My tutorials for my class this term have started with colour mixing. This is a perennial request, and trying to devise a way of making the mixes easy to remember or some system of charting that is accessible has been occupying my mind for some time. It is not something that I, personally, have had many problems with, and, of course, time and practice will solve the matter eventually. So, “What to Do” – I find the charts that have 20 colours across the top and down the side, with the appropriate mix where the lines cross, very off putting, but splodges of paint side by side is even less appealing, and not something you would want to return to.. So I have invoked the use of a colour wheel, reducing the colours under study to three.
This week we are looking at Raw Sienna, Burnt Sienna and Ultramarine Blue. I’m being very fussy about clean water, clean brush, freshly squeezed paint, so that the finished pieces tell the truth and shame the devil!
No surprises here, but see how strong Burnt Sienna is, and Ultramarine runs it a good second. Poor Raw Sienna has a tough time coping with them.
The little sketch was done using just the three colours under study.
Returning to my big painting “In the sunshine” after about a year has left me in a bit of a state. There seems to be so much wrong with it. When I left it last year, I though it was nearly finished, but now I can see bad drawing and awkward concepts all over. Still, on the positive side that means I can attack it with gusto, rather than dabbing at the faces with the aim of achieving a likeness. This time, though, I need to keep the momentum going to the end – I don’t want another period of re-entry like this one!
It’s mainly, but not entirely the figures. One of those things which happen when you are struggling with a painting is that the area under attack “grows”, so that properly proportioned figures become ridiculously long limbed or large-headed, and the area around grows a halo of mismatched colour are you seek to make correction. Both the figures and also the pillar beside them have grown in length and halo.
Since correcting her legs, I have become dissatisfied with her pose, while his arm is miles too long and bent in a funny place. I don’t like his legs either. The two pillars are no longer aligned, and the pristine paving has a bad attack of measles. (All these points may have appeared because I am observing more clearly these days, so maybe that’s a positive too).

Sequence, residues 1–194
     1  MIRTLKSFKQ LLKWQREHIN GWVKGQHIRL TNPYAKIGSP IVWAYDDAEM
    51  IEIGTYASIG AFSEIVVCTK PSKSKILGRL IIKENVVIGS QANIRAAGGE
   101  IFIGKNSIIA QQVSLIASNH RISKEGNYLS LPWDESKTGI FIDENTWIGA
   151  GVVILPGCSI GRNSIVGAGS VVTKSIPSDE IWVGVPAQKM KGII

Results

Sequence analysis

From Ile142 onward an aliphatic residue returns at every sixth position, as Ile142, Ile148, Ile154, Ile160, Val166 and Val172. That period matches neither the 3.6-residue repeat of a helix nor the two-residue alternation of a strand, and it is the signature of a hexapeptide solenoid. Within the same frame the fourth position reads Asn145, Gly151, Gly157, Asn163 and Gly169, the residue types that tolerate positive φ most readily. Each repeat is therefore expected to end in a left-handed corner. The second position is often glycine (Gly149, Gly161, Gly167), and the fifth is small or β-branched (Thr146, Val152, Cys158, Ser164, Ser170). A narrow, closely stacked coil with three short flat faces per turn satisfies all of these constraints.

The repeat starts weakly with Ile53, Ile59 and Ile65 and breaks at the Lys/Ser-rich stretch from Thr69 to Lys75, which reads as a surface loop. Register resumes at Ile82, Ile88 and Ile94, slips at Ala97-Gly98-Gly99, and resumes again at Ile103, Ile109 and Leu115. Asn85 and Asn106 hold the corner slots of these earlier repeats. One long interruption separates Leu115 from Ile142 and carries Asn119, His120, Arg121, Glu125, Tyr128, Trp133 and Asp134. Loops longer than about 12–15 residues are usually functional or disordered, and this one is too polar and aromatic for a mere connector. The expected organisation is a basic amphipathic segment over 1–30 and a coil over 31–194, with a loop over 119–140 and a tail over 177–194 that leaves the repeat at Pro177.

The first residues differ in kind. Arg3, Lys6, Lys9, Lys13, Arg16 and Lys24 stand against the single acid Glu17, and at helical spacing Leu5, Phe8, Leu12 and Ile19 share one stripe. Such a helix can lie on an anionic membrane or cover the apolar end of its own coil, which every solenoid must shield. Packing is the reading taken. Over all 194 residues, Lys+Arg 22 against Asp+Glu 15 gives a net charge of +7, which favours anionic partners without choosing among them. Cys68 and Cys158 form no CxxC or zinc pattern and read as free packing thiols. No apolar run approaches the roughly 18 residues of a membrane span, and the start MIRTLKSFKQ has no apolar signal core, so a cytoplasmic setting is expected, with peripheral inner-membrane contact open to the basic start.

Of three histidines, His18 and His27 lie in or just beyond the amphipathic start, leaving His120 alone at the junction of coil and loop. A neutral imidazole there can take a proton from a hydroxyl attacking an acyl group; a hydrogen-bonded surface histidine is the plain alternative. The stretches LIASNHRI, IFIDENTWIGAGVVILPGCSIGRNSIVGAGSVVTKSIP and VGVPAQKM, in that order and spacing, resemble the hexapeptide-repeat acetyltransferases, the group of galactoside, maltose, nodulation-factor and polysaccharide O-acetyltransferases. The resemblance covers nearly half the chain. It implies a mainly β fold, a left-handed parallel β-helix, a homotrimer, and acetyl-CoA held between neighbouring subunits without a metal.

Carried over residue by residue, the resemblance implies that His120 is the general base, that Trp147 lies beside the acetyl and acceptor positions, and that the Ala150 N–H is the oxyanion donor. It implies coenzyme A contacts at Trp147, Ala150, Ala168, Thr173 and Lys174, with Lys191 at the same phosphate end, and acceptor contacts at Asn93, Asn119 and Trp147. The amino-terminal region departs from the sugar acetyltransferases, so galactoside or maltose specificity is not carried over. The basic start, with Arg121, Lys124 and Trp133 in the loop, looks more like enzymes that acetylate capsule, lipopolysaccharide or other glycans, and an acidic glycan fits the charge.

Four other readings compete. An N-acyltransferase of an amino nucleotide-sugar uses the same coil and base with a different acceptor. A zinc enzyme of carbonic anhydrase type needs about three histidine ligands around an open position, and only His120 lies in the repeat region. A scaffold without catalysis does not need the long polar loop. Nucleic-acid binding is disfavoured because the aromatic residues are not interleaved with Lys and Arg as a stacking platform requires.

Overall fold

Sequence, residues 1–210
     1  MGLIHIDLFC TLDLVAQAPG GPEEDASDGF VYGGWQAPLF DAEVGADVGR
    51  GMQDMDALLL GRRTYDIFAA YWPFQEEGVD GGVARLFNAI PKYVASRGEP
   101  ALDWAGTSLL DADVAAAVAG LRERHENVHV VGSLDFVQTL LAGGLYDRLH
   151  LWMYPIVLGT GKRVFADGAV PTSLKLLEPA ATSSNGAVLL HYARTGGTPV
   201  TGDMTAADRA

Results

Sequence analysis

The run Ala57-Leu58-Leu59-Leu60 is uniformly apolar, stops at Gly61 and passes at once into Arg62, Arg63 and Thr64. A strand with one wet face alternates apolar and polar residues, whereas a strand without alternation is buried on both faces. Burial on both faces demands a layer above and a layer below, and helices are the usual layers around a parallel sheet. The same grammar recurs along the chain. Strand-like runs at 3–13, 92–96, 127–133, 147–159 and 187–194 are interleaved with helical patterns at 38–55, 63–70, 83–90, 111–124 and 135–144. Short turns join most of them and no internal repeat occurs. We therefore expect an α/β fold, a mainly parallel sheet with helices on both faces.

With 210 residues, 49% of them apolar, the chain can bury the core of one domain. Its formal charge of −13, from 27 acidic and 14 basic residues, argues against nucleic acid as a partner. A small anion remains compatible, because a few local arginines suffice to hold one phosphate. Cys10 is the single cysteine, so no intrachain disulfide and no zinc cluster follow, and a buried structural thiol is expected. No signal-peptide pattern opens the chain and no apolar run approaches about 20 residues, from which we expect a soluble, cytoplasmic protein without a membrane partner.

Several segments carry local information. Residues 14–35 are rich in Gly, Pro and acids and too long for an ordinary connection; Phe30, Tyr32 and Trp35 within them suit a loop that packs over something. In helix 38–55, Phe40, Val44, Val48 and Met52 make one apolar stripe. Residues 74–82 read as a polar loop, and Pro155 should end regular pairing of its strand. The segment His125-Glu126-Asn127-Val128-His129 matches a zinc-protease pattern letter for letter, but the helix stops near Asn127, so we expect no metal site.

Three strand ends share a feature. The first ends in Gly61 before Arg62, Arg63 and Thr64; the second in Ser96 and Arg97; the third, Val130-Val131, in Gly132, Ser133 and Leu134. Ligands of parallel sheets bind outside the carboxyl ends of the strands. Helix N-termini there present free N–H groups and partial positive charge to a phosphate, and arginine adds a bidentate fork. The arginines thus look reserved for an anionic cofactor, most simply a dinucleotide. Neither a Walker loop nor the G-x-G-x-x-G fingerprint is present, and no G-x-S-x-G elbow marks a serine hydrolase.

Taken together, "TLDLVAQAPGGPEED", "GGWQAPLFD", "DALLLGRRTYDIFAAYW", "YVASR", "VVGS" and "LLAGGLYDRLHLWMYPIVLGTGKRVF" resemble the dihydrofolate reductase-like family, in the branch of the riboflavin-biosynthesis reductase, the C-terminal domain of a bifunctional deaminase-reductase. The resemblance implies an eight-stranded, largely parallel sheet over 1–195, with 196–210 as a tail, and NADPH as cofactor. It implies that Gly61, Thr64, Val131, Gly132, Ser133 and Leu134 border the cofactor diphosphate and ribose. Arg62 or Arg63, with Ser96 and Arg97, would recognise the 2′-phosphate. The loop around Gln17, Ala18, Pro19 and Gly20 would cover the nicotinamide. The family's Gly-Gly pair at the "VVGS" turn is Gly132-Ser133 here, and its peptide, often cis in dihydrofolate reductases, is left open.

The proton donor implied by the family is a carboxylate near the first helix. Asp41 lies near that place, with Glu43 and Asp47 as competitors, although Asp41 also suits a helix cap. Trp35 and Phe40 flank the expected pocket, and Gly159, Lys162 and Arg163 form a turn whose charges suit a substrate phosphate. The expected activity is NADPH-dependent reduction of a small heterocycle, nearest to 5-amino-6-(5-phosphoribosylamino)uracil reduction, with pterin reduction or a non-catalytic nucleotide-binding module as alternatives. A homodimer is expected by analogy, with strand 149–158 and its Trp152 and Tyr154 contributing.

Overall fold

Here you can see some of my corrections. I’ve lifted the whole of the right hand pillar by quite a bit, but it now lines up with the far pillar. This necessitated altering the ironwork, as well. I also lifted the belt of his trousers as his torso had grown longer and longer, and changed the bend in his arm. She is better proportioned too. However, her legs are like tree trunks, and his legs look like he wants to go somewhere in a hurry! The return on the pillar base near the figure is too acute, and I am now wondering if I should have altered the far pillar instead of the near one. Maybe I should wash off those corrections with turps right now while the paint is wet, and think again.
We were looking through old photos to do with Rachel’s “100 hearts” needlework (blog.virtuosewadventures.co.uk/wordpress/) when I came across a small one of my two friends taken forty years ago with the sunlight in exactly the right place! OK they were younger but at the size I am painting them, that will not be a problem, and most people don’t mind looking younger, anyway. So I tried another sketch using this new information.
That’s more like it – not a likeness yet but the shadows and highlights are better. Her left eye should be a trifle higher, perhaps. The tilt of the head is characteristic. It took me two hours to achieve this much, I have so much to learn! I used a charcoal pencil, which is a new tool to me, so even the medium was an experiment. I think I have more control over the marks than I do with a charcoal stick, more precision, anyway. However, I think this could be the basis for painting. Now to tackle him.
I don’t think the introduction of white has improved his appearance any! But light and shade, now observed rather than imagined are better, if rather heavy handed.
If time permits I will try again in pencil to see if I can achieve a likeness. I remember reading recently that if you don’t achieve a likeness in line, try again, because shading cannot correct an inaccurate drawing. This is a great incentive to observe more closely.
The final leg of this mini epic project to have a dragon wreathed around my lamp is accomplished. Coping with a dragon, however benign, with five visible legs (and one invisible, of course), and a long neck, and a long tail, required two pairs of hands and a lot of patience. My thanks to Rachel for invaluable assistance.
Honourable Giver of Contentment comes in three parts (like ancient Gaul), which did make him easier to assemble. First we decided exactly where his head should be, marking the place with a tiny cross. Next his legs were bent appropriately and strengthened with a bracing strip, while the middle part of his body had legs similarly attached. All four feet were then (PVA) glued in place, four sets of fingers restraining his desire to stray.
So far, so good. Greater security suggested that his midriff should be glued down, and one whisker strengthened. At the back of the middle section is a great body curl, designed as the principal place of attachment,though before we did that, the tail section, with its strengthened leg, needed to be placed so as to give the impression of following on. The fronds at the tip were determined to curl outwards – persistence won out.
Here he is, prowling among the eucalyptus (!) leaves, spreading peace and contentment all round.
P.S., I have a spare dragon’s tail if anyone wants one.